• Instruct students to keep their telephone out of sight.
    • Ensure inappropriate material is not stored on the phone.
    • Parents are not to contact students during the school day by mobile phone. If parents need to urgently contact a student they should follow normal procedure and contact the school via admin on (03) 5623 7222. Students will then be contacted and supported as necessary.


    • Personal mobile phones are brought to school at the owner’s risk.
    • Personal mobile phones are to be switched to mute during class teaching and learning periods and during scheduled school meetings.
    • All mobile phones to be switched to mute when in public areas, including interviews, meetings and classrooms.

    Parents, visitors and contractors

    • All users are to switch their phones to mute when in public areas, including meetings, interviews and classrooms.
    • All parents and visitors are to take and make mobile calls outside of teaching and learning areas.


    We have had very good feedback from families regarding accessing school reports through the new parent portal, and are now working to use this portal for more of our correspondence with families.  This will including seeking permission for excursions, trips to the sick bay (which can be communicated to parents via email notifications in real time), and monitoring any students with medical conditions. 

    We continue to encourage all parents to please access the portal via the link below and ensure all students details, including medical details are up to date. Please contact the school if you still have not been able to do this or please follow the instructions on the school website.

    This portal is accessible via


    We have had reports of students in our school being diagnosed with hand, foot & mouth disease.

    Hand, foot and mouth disease (HFMD) is caused by a virus. It causes blisters on the hands and feet, in the mouth and often in the ‘nappy’ area. It is generally only a mild disease that lasts seven to ten days.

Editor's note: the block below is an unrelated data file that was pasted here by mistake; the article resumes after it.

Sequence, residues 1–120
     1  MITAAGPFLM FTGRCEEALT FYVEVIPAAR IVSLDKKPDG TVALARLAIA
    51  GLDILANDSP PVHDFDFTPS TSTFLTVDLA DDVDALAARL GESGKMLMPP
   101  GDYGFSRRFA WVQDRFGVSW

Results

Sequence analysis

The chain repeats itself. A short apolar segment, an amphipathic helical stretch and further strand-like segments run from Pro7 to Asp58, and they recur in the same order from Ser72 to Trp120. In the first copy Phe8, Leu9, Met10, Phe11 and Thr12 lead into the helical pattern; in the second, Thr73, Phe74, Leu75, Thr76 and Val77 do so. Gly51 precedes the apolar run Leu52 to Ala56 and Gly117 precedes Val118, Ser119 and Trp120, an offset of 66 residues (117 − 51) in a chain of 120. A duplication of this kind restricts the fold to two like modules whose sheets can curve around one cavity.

HFMD occurs mainly in children under ten years of age, but can also affect older children and adults. This infection is spread by direct contact with fluid from the skin blisters, nose and throat discharges (including saliva, sputum or nasal mucus), droplets (sneezing, coughing) and faeces (stools). Good personal hygiene is important to prevent spread of the infection to others.

    The skin blisters of HFMD are infectious until they become crusty and there is no fluid in the blisters. Diagnosis is made by a local doctor, and there is no specific treatment.

    Children with HFMD should be excluded from school and childcare centres until all of the blisters have dried. To assist in prevention of spread, parents should report the illness to the director of the childcare centre or school principal.


    Just a reminder that the school concert has now been postponed to 10th November 2021. There will be a rehearsal at the Warragul Arts Centre on the 9th November 2021. With the current restriction in place we would not be able to offer all families a chance to attend. We will have more information later this term or early next term on how families can purchase tickets. 


    Term 1 & 2 School Fees are now overdue & Term 3 School Fees are due by Friday 6th August. BPay details are available on your school fee statement. School fees are due by the 4th week of each term and must be paid in full by the end of the school year they are due, December 2021.

    If any families would like to pay off their fees either weekly, fortnightly or monthly, please set up a direct debit schedule by completing a Direct Debit Form and returning to the school office at your earliest convenience.  Please calculate the total fees payable by the number of weeks/payments required for your fees to be paid by December 2021. For any assistance please contact the school Admin office via email on: